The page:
Only a few weeks ago, the original drama, Boyhood, grabbed my attention and the attention of viewers watching the 72nd Golden Globes as it displayed a young boy’s journey to adulthood.
Walking away with best drama, Richard Linklater with best director and Patricia Arquette with best supporting actress, the movie had hype, and I was not disappointed.
The story was raw and filmed almost as if you were watching a high-quality home video that featured the same boy, actor Ellar Coltrane, literally grow up right before viewers’ eyes.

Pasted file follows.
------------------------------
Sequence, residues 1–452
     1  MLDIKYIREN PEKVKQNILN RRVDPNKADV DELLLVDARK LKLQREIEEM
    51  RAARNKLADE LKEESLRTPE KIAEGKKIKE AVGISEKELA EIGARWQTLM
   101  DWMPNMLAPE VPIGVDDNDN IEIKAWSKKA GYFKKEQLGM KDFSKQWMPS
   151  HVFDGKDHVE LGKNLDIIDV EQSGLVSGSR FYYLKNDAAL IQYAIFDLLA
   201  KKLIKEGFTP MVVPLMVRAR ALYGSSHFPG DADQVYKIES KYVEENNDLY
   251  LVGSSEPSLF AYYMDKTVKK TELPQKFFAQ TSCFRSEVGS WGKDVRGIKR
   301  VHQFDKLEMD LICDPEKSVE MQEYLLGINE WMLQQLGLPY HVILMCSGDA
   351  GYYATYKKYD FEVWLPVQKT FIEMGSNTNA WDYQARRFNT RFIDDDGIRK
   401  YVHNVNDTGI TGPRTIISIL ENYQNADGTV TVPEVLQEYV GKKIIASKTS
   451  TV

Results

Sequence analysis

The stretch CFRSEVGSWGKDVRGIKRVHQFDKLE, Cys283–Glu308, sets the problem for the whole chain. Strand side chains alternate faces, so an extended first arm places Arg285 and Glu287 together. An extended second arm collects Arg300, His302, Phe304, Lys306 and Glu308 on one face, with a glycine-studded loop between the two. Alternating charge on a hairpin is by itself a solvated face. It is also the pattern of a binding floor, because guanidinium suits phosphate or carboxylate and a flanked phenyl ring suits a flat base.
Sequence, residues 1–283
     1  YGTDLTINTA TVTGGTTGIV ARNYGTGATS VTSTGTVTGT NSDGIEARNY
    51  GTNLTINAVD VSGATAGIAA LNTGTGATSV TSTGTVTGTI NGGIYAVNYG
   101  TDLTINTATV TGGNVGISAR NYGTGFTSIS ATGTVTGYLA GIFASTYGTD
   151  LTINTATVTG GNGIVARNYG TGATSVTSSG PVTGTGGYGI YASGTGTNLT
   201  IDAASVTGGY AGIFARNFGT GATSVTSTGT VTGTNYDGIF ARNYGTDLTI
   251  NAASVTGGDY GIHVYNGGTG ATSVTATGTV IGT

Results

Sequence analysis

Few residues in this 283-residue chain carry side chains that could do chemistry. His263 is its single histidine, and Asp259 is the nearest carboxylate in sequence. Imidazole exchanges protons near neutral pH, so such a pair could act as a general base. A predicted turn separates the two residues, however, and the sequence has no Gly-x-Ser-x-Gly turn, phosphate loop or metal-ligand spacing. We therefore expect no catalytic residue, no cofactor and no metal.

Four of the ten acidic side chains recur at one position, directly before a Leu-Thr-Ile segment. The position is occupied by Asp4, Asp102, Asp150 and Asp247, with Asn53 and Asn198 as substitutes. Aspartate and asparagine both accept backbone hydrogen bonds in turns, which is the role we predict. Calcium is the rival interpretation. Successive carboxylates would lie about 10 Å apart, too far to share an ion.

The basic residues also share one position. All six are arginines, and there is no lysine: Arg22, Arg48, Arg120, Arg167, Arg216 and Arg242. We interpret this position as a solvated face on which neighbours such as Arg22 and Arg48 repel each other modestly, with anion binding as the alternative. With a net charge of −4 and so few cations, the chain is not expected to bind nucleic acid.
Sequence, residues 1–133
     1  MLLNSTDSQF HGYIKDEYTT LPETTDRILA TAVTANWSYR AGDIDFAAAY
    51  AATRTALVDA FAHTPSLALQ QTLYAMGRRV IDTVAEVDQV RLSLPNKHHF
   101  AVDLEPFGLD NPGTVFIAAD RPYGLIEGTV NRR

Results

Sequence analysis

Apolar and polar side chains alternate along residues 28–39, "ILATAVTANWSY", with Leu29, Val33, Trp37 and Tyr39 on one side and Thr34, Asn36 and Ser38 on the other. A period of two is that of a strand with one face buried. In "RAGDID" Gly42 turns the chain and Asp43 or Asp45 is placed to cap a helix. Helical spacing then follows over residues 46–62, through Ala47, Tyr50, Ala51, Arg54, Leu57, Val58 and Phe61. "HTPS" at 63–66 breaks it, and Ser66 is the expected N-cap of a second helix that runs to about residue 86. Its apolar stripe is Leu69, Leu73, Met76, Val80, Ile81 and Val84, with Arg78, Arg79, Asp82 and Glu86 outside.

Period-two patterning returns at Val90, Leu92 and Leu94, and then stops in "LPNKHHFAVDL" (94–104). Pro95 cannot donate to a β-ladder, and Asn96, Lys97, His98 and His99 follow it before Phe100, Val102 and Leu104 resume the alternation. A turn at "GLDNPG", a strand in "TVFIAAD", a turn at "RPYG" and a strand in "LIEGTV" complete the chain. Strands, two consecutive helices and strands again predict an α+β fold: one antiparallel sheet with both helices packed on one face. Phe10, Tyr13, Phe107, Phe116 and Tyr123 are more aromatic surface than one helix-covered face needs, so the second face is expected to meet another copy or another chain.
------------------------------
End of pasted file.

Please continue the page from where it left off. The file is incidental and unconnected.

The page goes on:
Taking over twelve years to complete, the story began when Coltrane was six and finished during his 18th year. Although this may seem like a minor detail, it made the film very personal, as though you truly get to know Coltrane’s character, Mason, during his transitions into different aspects of childhood and adolescence.
Slow-paced and almost lasting three hours, the movie dragged at certain parts but was so artistically produced that it made you think rather than yawn. The cast’s ability to convey, but not romanticize reality was what made it something truly special.
Boyhood is an excellent choice for somebody willing to appreciate a simplistic yet powerful film about the perseverance of the human spirit as it travels through different stages of life.